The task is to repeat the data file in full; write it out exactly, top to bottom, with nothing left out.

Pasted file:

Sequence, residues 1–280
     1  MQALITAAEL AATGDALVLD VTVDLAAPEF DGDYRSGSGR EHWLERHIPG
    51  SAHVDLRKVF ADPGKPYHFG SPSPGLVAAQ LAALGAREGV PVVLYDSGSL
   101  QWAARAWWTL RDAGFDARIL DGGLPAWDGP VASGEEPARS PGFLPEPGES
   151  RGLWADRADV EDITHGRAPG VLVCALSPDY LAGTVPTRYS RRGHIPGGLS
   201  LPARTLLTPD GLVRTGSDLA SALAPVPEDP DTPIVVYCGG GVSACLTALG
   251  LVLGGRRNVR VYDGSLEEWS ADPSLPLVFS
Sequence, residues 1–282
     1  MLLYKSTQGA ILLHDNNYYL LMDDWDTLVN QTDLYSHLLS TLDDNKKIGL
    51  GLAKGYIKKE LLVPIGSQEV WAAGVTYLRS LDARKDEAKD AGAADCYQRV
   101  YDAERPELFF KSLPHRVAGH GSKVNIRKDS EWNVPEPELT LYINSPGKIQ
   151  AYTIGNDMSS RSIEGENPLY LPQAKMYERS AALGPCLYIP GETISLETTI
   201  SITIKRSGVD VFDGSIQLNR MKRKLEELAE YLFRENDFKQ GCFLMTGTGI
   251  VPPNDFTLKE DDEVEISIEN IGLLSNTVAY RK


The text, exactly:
Sequence, residues 1–280
     1  MQALITAAEL AATGDALVLD VTVDLAAPEF DGDYRSGSGR EHWLERHIPG
    51  SAHVDLRKVF ADPGKPYHFG SPSPGLVAAQ LAALGAREGV PVVLYDSGSL
   101  QWAARAWWTL RDAGFDARIL DGGLPAWDGP VASGEEPARS PGFLPEPGES
   151  RGLWADRADV EDITHGRAPG VLVCALSPDY LAGTVPTRYS RRGHIPGGLS
   201  LPARTLLTPD GLVRTGSDLA SALAPVPEDP DTPIVVYCGG GVSACLTALG
   251  LVLGGRRNVR VYDGSLEEWS ADPSLPLVFS
Sequence, residues 1–282
     1  MLLYKSTQGA ILLHDNNYYL LMDDWDTLVN QTDLYSHLLS TLDDNKKIGL
    51  GLAKGYIKKE LLVPIGSQEV WAAGVTYLRS LDARKDEAKD AGAADCYQRV
   101  YDAERPELFF KSLPHRVAGH GSKVNIRKDS EWNVPEPELT LYINSPGKIQ
   151  AYTIGNDMSS RSIEGENPLY LPQAKMYERS AALGPCLYIP GETISLETTI
   201  SITIKRSGVD VFDGSIQLNR MKRKLEELAE YLFRENDFKQ GCFLMTGTGI
   251  VPPNDFTLKE DDEVEISIEN IGLLSNTVAY RK